Posted in: Disc Reviews by John Ceballos on December 24th, 2013
“You gotta be grateful for the little things in life, otherwise you’ll never be grateful for nothing.”
I’m not so sure the same fans who made 2007’s The Ultimate Gift a hit on the home video market — and spurred the creation of this sequel — will be very grateful for this tepid follow-up. The Ultimate Life stiffly and earnestly re-iterates the first film’s emphasis on appreciating non-material delights, and sprinkles in a worthwhile message about the importance of leaving a strong legacy behind. Unfortunately, this film’s own legacy places it with the long list of sequels that don’t live up to the original.
In case you didn’t see the first film, here’s a quick catch-up. To inherit a piece of his grandfather Red’s (James Garner) fortune, spoiled under-achiever Jason Stevens (Drew Fuller) had to complete 12 assignments centered around a different gift (like money, friends, family, etc.) within a year. Life lessons were learned. Jason also connected with single mom/nurse Alexia (Ali Hillis) and her dying daughter Emily (Oscar nominee Abigail Breslin), while seizing control of his family’s multi-billion dollar foundation. In an uninspired case of “tell, don’t show,” this information is conveyed to the audience at the start of The Ultimate Life via bland title cards.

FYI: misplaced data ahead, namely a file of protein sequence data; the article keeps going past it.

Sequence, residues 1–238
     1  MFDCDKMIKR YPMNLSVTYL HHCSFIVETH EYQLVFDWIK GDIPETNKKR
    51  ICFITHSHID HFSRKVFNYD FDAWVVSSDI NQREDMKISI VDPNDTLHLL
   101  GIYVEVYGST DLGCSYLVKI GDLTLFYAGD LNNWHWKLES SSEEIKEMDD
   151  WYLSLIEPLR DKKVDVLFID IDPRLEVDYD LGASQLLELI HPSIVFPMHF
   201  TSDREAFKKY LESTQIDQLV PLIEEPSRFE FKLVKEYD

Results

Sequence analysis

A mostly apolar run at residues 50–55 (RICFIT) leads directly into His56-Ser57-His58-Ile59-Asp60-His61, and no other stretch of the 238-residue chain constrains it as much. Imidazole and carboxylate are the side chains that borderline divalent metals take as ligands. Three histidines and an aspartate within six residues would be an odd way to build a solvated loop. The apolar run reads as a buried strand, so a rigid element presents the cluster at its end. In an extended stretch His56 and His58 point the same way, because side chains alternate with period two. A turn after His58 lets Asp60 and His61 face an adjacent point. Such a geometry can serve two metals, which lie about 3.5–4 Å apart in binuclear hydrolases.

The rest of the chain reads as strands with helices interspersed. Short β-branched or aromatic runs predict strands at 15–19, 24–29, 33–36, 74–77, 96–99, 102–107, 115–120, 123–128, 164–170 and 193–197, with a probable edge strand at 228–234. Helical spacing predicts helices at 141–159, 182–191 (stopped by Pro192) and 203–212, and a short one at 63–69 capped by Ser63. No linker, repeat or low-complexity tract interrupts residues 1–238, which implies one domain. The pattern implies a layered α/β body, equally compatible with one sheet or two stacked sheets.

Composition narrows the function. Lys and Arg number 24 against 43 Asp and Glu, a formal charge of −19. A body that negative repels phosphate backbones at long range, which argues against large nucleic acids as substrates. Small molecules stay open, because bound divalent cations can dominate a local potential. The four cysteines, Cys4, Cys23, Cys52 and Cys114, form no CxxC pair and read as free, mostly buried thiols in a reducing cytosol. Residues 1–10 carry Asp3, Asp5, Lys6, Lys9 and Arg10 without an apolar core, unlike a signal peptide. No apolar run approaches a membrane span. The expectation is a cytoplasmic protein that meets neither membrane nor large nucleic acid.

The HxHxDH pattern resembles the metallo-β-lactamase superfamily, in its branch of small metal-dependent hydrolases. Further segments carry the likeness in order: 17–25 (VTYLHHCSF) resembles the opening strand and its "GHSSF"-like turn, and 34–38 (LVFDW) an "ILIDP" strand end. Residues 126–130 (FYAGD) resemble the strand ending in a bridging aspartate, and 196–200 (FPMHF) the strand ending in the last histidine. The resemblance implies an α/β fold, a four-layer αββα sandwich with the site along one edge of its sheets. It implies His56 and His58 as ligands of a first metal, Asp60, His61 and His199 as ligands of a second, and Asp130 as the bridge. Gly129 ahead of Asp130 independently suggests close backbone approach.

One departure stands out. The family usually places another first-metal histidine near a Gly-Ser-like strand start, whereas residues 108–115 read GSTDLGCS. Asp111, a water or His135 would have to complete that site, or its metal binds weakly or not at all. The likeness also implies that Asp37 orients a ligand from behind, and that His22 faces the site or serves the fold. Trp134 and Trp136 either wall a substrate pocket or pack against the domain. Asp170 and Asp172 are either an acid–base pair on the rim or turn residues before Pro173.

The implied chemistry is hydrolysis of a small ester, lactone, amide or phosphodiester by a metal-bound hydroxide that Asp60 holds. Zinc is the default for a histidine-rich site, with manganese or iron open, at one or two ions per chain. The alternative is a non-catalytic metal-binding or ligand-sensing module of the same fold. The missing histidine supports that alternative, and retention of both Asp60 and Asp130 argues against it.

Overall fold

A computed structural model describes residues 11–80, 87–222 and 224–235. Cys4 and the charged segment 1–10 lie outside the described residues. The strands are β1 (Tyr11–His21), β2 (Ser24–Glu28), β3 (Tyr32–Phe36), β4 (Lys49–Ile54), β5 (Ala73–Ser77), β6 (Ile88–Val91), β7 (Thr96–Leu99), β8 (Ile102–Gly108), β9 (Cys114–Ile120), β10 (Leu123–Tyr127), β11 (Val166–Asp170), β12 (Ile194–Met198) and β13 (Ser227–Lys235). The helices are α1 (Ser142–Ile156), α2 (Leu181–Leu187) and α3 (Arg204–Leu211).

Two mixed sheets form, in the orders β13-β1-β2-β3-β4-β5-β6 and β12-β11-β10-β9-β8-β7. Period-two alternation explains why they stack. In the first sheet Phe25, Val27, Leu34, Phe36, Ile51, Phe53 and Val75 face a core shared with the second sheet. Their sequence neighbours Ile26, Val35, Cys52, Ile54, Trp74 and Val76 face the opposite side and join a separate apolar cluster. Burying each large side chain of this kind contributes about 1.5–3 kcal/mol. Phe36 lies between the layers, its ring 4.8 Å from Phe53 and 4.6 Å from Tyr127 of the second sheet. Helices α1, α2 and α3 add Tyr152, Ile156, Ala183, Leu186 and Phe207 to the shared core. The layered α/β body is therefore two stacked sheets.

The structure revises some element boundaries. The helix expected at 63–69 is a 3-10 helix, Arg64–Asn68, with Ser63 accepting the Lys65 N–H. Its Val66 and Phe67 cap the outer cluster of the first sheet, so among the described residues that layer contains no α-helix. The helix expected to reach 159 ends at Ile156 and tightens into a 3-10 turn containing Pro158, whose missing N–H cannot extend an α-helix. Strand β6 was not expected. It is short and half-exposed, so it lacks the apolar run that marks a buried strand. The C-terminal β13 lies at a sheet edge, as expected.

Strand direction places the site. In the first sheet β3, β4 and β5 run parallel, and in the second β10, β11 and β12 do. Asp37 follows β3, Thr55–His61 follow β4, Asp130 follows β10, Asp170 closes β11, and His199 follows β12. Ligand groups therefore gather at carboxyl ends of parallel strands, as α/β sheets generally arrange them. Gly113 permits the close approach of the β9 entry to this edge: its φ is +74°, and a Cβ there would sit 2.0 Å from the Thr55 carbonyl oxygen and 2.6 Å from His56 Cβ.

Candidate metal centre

The sequel finds Jason (now played by Logan Bartholomew) and Alexia still together, but there’s trouble in paradise. Jason intends to propose to Alexia, but he’s so distracted fighting off the greedier members of his family that he doesn’t even realize Alexia intends to move to Haiti to assist in the country’s relief efforts. Jason goes to longtime family lawyer Ted Hamilton (Bill Cobbs) for advice. Ted presents Jason with Red’s journal — not to be confused with a diary, because “diaries are for girls” — which reveals Red’s rocky path toward becoming a billionaire.
Fans of The Ultimate Gift deserve a disclaimer: if you’re watching this sequel because you were invested in the Jason/Alexia relationship, you’re going to be disappointed. The Ultimate Life spends the majority of its time in flashbacks that show how the ambitious teenage Red (Austin James) in the 1940s became successful oil magnate Red (Drew Waters) in the 1950s and ‘60s. (Garner briefly appears as Red in a pre-taped message at the start of the film.)